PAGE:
As he makes his morning round of chores, a chorus of snorts and squeals resounds from Bubba Ortiz’s front yard.
Ortiz, the owner of Ortiz Game Management and Wildlife Development, is up before the sun is out. He tends to a hog cage he designed and built less than a hundred yards from his house near New Braunfels’ stretch of Interstate 35. From this plot of land, he makes his living in capturing, killing and cooking wild hogs.
In Texas, the hog business is booming. An entire sub-economy revolves around the strange ways Texans try to kill the invasive species brought by the Spanish in the 1500s — from kerosene to hand grenades to machine guns fired from helicopters. The industry even garnered national attention this spring when Agriculture Commissioner Sid Miller proposed solving the state’s hog problem with poison.
Though Texans get creative with their weapons of choice, Ortiz takes what he considers a more humane approach.
After catching the hogs in traps he lays in clients’ properties, he takes them back to his holding station until he has captured enough for transport, or until someone comes and pays him to prepare one for a meal.
“Every one that ends up here ends up dying — either by my hands or through a processor or perhaps a certified game ranch that we sell to — but they all end up on the ground somewhere or on the table somewhere,” Ortiz said.
Though Ortiz said the wild hogs are a nuisance that needs to be eradicated, he still tries to keep them comfortable during their time in custody.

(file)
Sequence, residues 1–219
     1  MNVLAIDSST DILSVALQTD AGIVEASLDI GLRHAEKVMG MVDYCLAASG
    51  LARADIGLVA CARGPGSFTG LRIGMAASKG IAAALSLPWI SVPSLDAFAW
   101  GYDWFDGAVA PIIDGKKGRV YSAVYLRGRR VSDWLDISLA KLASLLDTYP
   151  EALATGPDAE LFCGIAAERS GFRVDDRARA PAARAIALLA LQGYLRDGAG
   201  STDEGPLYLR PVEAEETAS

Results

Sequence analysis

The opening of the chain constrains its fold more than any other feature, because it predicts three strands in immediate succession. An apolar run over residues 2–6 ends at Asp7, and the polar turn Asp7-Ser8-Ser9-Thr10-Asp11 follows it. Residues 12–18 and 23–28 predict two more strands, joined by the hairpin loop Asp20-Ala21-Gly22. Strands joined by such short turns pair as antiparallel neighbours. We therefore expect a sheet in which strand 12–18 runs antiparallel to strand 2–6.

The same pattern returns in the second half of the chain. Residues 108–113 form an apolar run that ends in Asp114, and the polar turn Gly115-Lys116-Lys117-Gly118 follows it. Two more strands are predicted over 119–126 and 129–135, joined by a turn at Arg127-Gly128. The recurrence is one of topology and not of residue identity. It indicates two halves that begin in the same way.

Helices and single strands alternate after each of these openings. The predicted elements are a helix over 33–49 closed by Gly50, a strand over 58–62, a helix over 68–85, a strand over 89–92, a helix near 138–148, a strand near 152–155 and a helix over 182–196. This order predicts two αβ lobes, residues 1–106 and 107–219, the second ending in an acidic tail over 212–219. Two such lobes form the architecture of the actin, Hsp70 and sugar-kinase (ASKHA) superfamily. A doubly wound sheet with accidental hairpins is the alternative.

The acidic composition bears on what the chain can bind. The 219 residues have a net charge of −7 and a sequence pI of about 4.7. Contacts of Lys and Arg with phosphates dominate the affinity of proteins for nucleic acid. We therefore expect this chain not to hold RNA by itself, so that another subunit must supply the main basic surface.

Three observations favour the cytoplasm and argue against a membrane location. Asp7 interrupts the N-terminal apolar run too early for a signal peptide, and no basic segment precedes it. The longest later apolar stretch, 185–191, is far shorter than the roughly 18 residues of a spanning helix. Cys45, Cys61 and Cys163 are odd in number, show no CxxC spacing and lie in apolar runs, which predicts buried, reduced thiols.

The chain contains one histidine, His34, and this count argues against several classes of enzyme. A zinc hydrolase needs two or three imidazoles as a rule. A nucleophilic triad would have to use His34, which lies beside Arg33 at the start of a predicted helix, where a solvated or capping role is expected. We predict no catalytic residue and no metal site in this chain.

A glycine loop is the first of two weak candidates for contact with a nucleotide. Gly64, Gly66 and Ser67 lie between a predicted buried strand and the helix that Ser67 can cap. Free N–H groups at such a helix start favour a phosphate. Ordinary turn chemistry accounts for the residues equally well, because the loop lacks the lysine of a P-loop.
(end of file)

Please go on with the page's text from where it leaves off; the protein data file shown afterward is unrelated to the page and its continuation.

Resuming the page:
“They’re like my prisoners, you know; I have to take care of them. They got enough water? They got enough shade? They got enough food?” Ortiz said. “That’s bad karma to starve them to death.”
After having spent 48 years in the industry, Ortiz said he maintains a certain level of respect for the beasts that help him bring home the bacon.
“I don’t hate them. That’s a pretty strong word. Do I think they’re a nuisance? Absolutely, [but] I really can’t hate them, I guess, if they’re putting pennies in my pocket,” Ortiz said. “The power of pork has kept me alive.”
Ortiz isn’t the only person who hunts the prolific pigs that plague the southern United States. However, Ortiz said he one of the few who does it to his level of rigor and dedication. For Ortiz, who claims to have caught his first pig at the age of 4, catching wild hogs isn’t just a trade, but a family enterprise.
“I think the reason we’re so successful is we have the time and opportunity to do it full-time,” Ortiz said. “We dedicate as many man hours as it takes, and we have resources and equipment to do it. It takes time. It takes patience. It takes knowledge.”
In his time as a hog trapper, Ortiz not only has developed an understanding of the animal, but also ideas on how wild hogs could help.
“We have people who need money; we have hungry people. I think that the two should meet up somehow,” Ortiz said. “I’m not saying we’re the tip of the spear, but maybe we’re the edge of the side of the spear.”